Bucking bulls and wild broncos are not for the faint of heart, but the true fighter behind the Bulls and Barrels Charity Rodeo last weekend was Cheryl Rogers.
A crowd of over 600 kicked up the dust at Bassett Park to show their support for the respected local jockey and trainer diagnosed with cancer six months ago.
“Everyone was so supportive… it was just amazing that a small community could do that,” says Cheryl’s husband Stuart who was there amongst the action.
The brains behind the event was Roma truck driver and long-time friend, Mark Patterson.
He says Cheryl is the sort of person who always puts others first.
“I know in my own heart that if I was in her shoes or you were in her shoes, she would do the same thing, even if you were a complete stranger,” he describes.
Cheryl has had battled with health problems her whole life.
She has suffered renal failure since she was 18 but it wasn’t until a routine check up six months ago that Cheryl found out she had bowel cancer as well.
“The treatment that she received from the cancer destroyed the rest of her kidney,” says Mr Patterson.
With only one-quarter of her kidney functioning properly, Cheryl needs an organ transplant but now must wait five more years before the donation can be viable.
“It’s law worldwide that once you have any form of cancer you cannot have an organ transplant for five years… so basically this dialysis has to keep her alive,” Mr Patterson says.
Cheryl has been on dialysis treatment at Toowoomba Base Hospital since October last year, and coming back home to Roma would require transforming her house with the appropriate equipment.
“They’re looking at putting a dialysis machine in the house so she can do her own dialysis because they don’t have anything like that out here, no trained people or the facilities,” says Mr Rogers.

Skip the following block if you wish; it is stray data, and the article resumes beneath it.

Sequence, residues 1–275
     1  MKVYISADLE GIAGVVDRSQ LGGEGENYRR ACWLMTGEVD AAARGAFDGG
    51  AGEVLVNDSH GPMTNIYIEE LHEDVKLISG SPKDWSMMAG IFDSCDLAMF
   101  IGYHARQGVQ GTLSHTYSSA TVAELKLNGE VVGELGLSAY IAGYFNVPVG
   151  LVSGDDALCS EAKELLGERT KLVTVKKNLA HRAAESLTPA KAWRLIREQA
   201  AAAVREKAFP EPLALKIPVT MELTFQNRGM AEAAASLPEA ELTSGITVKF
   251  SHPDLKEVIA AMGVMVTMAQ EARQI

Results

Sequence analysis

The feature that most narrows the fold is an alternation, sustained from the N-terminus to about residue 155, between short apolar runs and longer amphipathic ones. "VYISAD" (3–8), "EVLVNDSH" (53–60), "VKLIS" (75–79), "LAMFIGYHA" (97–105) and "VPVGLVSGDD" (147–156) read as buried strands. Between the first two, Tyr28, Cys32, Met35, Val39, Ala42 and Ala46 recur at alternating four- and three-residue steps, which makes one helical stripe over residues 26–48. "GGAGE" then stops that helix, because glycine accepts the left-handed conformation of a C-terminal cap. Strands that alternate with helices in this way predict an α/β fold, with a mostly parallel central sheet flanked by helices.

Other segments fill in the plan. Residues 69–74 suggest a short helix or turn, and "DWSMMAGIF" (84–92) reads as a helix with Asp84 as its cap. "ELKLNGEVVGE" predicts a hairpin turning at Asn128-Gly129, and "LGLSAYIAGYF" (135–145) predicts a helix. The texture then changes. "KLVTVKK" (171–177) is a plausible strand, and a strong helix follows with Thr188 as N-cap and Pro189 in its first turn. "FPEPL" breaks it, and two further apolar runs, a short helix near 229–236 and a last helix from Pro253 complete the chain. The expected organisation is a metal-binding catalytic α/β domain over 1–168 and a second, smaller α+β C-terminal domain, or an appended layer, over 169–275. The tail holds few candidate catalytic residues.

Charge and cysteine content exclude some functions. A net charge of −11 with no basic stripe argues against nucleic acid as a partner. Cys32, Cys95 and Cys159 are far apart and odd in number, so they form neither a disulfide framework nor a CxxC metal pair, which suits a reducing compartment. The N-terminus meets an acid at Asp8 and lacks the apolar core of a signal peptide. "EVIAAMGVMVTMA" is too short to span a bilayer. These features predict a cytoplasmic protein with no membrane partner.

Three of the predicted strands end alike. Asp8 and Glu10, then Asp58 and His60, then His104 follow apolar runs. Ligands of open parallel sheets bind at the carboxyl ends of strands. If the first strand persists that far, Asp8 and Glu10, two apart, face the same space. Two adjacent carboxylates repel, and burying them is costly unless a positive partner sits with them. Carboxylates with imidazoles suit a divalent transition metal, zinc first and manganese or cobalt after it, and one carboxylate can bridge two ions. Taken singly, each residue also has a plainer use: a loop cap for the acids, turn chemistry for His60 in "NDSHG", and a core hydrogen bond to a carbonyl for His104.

Cheryl’s family is hoping to have her home by April, but the cost of getting her back will be significant.
“It’s going to cost a ridiculous amount of money to bring Cheryl home because they’ve got to pretty much transform their whole house with machines and water testing… it’s got to be completely hygienic,” Mr Patterson says.
That’s where the help of the community comes in.
Calculations are still being finalised to determine the funds raised on the weekend, but the bar takings alone were over $9,000.
Mr Patterson says all the proceeds will go towards helping Cheryl get back home.
With over 100 competitors, the rodeo was the first Bulls and Barrels event to be held in the South West in a number of years and the turn out didn’t disappoint.
Cheryl was unable to make it to the event, but sent a public message of thanks to the entire crowd for their support.
“She’s just such a positive person, she’s got the fight in her you know. That’s the best thing about her.”
Cheryl turns 42 this Sunday and husband Stuart plans to visit her in Toowoomba to take her out to dinner.
But despite the distance, she knows she has a whole community behind her back in Roma.
“She was shocked and couldn’t understand it… Cheryl’s always the sort of person that does everything for everybody else and doesn’t expect anything in return.”
Mark Patterson’s fundraising mission doesn’t stop there.
He has also organised a charity bike ride from Roma to Augathella on March 5, followed by a karaoke night.
“There’s so many people that she’s looked after and I just thought that it was only fair that I got a few mates together and we put this event on and try and raise some money.”